Apostle Philip

(from the http://www.bibleinfo.com/en/questions/who-were-twelve-disciples webpage)

Tradition says that Philip preached in Phrygia and died a martyr at Hierapolis. Philip came from Bethsaida, the town from which Peter and Andrew came (John 1:44). The likelihood is that he, too, was a fisherman. Although the first three Gospels record his name (Matthew 10:3; Mark 3:18; Luke 6:14; Acts 1:13), it is in the Gospel of John that Philip becomes a living personality.

Scholars disagree on Philip. In Acts 6:5, we have Philip as one of the seven ordained deacons. Some say this is a different Philip. Some believe this is the Apostle. If this is the same Philip, then his personality came more to life because he had a successful campaign in Samaria. He led the Ethiopian eunuch to Christ (Acts 8:26). He also stayed with Paul in Ceasarea (Acts 21:8) and was one of the major figures in the missionary enterprise of the early church.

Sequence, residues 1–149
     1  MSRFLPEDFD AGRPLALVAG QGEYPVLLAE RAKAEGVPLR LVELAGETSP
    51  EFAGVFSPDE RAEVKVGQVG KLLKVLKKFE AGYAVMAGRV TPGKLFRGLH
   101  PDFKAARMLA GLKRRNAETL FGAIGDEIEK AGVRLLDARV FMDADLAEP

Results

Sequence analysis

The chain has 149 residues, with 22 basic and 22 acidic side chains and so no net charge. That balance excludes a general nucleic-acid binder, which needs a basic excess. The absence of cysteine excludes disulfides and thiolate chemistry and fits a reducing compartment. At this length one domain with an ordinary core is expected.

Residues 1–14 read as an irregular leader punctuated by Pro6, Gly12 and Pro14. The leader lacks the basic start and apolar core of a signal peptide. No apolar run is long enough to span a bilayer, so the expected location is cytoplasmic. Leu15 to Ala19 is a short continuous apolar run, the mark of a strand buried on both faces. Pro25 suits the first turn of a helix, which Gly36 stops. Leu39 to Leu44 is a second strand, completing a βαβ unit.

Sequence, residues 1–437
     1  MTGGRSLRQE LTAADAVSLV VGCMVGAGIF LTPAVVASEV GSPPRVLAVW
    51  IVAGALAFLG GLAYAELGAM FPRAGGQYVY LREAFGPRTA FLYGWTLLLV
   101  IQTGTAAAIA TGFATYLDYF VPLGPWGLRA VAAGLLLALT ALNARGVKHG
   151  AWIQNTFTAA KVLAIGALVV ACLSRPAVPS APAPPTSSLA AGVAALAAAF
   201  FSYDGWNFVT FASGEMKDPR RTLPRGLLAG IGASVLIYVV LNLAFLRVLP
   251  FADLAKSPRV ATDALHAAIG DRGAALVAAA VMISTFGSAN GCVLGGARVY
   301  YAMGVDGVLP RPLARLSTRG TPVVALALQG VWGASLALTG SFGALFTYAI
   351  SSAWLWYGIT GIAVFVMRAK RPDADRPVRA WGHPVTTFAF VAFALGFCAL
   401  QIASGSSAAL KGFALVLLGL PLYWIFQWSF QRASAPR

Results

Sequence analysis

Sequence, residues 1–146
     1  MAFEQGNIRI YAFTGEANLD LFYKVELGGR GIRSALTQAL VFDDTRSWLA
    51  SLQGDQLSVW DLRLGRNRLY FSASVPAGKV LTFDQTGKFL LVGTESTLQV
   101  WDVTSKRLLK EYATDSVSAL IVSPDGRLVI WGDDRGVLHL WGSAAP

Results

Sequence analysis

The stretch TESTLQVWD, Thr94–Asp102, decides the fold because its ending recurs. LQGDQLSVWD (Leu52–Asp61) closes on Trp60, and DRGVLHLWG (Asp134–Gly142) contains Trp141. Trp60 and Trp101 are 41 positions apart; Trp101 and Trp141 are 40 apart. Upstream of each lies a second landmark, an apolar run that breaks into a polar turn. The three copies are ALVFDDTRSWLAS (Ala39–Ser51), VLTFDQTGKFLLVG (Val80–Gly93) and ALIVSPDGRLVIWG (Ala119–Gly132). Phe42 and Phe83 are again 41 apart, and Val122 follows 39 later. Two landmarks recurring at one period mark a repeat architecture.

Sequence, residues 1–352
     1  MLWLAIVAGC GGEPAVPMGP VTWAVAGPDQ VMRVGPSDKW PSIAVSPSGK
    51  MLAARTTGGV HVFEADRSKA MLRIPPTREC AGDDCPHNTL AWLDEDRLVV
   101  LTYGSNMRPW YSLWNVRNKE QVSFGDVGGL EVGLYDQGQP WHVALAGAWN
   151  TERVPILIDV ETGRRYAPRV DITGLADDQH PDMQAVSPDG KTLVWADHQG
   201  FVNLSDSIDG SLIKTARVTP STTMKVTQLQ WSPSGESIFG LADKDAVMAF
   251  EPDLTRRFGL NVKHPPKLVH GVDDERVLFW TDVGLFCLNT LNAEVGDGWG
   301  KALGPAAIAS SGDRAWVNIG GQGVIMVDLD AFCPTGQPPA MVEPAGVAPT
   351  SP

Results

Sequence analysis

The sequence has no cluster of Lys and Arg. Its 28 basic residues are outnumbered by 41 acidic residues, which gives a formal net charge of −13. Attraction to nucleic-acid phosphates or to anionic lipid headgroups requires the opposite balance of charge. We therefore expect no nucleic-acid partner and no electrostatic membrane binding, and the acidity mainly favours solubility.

The Gospel of John shows Philip as one of the first of many to whom Jesus addressed the words, "Follow Me." When Philip met Christ, he immediately found Nathanael and told him that "we have found him, of whom Moses … and the prophets, did write." Nathanael was skeptical. But Philip did not argue with him; he simply answered, "Come and see." This story tells us two important things about Philip. First, it shows his right approach to the skeptic and his simple faith in Christ. Second, it shows that he had a missionary instinct.

Philip was a man with a warm heart and a pessimistic head. He was one who would very much like to do something for others, but who did not see how it could be done. Yet, this simple Galilean gave all he had. In return God used him. It is said that he died by hanging. While he was dying, he requested that his body be wrapped not in linen but in papyrus for he was not worthy that even his dead body should be treated as the body of Jesus had been treated. The symbol of Philip is a basket, because of his part in feeding of the five thousand. It is he that stressed the cross as a sign of Christianity and victory.